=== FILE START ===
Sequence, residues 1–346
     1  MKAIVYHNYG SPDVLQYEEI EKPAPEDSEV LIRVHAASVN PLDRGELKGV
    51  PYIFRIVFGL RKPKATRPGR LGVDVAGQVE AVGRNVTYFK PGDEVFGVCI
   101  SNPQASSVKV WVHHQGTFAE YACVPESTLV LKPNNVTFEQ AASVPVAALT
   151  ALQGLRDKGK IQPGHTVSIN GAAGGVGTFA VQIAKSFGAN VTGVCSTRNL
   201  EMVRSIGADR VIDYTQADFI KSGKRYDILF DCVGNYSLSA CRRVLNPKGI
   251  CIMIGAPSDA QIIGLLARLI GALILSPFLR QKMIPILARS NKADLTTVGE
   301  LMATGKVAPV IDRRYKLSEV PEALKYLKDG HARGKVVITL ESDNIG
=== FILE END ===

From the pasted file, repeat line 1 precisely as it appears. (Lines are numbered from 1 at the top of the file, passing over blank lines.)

Sequence, residues 1–346